A feature in Apple Inc.’s AAPL iPhone 14 is credited with helping a rescue team find two people stranded 300 feet in a remote canyon with zero cell service in the Angeles National Forest.
What Happened: Crescenta Valley station received an Apple's Emergency SOS Via Satellite alert about a vehicle accident in the Angeles National Forest. A car with two passengers had gone off the side of the road and into a canyon.
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The male and female passengers, both in their 20s, were rescued and just had mild to moderate injuries.
A Twitter thread by the Montrose Search and Rescue Team described the entire mission.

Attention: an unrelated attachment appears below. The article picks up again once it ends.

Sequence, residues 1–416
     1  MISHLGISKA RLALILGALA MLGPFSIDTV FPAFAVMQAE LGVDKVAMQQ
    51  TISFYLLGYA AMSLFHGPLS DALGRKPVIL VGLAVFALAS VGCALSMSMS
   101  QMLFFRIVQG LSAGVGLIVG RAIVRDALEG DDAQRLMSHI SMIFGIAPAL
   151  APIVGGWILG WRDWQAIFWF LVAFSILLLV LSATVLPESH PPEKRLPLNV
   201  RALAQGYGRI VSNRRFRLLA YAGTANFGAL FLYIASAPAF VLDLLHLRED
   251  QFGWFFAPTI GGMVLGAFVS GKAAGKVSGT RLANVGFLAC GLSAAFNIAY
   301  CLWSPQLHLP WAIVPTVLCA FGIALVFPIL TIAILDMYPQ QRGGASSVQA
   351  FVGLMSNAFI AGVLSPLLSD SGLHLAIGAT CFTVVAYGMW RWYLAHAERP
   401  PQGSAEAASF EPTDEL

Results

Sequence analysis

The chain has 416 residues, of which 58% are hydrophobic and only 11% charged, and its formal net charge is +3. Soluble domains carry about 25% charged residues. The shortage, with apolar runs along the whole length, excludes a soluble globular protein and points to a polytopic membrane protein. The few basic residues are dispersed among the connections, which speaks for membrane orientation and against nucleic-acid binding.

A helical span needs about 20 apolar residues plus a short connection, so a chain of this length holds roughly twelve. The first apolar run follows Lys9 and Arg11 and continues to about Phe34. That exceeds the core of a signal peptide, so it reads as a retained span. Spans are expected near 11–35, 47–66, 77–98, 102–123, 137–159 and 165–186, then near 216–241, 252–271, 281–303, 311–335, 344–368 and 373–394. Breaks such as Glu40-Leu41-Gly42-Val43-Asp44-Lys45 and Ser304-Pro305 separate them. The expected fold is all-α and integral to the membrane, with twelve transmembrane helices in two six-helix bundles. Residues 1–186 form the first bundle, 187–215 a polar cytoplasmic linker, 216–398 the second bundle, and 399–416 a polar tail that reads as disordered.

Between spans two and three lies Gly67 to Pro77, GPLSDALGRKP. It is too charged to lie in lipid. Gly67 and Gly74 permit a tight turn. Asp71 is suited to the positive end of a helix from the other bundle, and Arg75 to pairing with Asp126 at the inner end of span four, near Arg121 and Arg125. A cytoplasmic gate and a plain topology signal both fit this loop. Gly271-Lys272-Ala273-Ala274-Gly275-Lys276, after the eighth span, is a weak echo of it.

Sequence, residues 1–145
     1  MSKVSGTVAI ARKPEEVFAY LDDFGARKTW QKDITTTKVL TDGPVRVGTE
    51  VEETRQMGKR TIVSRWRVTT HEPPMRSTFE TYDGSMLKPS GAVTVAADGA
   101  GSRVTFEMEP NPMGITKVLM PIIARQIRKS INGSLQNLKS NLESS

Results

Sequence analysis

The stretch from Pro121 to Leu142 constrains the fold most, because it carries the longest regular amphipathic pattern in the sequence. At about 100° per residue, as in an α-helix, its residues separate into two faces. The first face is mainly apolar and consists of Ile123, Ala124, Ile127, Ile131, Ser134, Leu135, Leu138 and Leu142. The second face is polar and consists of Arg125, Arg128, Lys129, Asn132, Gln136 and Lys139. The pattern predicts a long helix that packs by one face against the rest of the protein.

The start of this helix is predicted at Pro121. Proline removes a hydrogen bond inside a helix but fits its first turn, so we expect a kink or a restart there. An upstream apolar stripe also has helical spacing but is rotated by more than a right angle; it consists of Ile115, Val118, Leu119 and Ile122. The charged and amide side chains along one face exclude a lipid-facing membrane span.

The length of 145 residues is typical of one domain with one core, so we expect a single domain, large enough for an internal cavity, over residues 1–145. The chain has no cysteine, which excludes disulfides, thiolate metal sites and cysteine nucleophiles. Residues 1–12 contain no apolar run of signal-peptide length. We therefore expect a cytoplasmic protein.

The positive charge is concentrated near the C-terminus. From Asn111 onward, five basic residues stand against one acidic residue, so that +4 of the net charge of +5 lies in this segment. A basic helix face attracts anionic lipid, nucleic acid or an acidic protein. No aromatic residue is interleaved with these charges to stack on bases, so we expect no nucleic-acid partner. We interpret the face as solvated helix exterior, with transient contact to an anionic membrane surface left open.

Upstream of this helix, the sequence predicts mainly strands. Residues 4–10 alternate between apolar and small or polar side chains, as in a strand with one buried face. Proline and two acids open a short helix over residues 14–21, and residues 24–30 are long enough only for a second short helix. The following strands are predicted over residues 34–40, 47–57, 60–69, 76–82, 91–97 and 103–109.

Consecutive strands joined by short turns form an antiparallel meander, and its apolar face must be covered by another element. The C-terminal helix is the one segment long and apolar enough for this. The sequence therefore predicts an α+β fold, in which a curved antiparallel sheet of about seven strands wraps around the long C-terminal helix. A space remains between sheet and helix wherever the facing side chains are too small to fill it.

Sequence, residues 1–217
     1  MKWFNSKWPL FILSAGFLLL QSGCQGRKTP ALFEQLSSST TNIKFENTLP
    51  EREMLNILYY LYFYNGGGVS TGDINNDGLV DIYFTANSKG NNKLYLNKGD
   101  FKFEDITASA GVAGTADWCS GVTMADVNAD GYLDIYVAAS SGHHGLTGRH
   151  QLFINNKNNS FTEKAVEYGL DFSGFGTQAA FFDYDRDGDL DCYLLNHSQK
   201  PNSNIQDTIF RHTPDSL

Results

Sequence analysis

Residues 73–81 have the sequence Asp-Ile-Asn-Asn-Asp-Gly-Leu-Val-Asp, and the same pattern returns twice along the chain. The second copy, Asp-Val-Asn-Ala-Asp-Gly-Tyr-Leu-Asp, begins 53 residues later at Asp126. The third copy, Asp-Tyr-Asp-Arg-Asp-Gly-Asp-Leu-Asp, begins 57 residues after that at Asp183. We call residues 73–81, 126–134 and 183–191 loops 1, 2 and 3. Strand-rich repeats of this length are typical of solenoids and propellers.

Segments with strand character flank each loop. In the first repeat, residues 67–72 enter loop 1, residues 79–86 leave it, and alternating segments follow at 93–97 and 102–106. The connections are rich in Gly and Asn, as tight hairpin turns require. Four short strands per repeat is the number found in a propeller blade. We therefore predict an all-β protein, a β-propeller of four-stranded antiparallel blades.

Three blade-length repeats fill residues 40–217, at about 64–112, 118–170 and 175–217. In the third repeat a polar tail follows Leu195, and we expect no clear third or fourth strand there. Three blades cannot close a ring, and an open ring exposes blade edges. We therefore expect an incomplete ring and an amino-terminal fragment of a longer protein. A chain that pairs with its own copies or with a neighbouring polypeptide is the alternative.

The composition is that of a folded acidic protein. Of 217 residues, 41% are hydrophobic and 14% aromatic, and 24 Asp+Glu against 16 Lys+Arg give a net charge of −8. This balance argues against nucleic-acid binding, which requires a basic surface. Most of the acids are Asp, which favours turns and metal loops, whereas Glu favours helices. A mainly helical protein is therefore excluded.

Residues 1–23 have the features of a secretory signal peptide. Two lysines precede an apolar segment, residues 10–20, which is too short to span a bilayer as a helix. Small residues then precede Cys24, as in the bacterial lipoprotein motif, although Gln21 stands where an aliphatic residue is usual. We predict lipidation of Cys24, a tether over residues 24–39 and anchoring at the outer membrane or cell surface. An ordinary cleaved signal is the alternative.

Rescue 5 was able to locate the victims and insert a paramedic. The paramedic learned the patients, a male and female in their 20s, had mild to moderate injuries. The helicopter was able to hoist the victims out of the canyon and transport them to a local area hospital.#LASD— Montrose Search & Rescue Team (Ca.) (@MontroseSAR) December 14, 2022
Why It’s Important: This isn’t the first time Apple’s new Emergency SOS via Satellite feature or other Apple products contributed to saving someone’s life.
In the first week of December, a man stranded in a remote area of Alaska used his iPhone 14 to contact emergency services.
Last month, Apple Watch Series 7 saved the life of a 17-year-old teenager from India who fell into a 150-foot valley.
Available on iPhone 14, iPhone 14 Plus, iPhone 14 Pro and iPhone 14 Pro Max, the Emergency SOS via satellite feature allows users to send SOS to emergency services in the absence of cellular and WiFi coverage.
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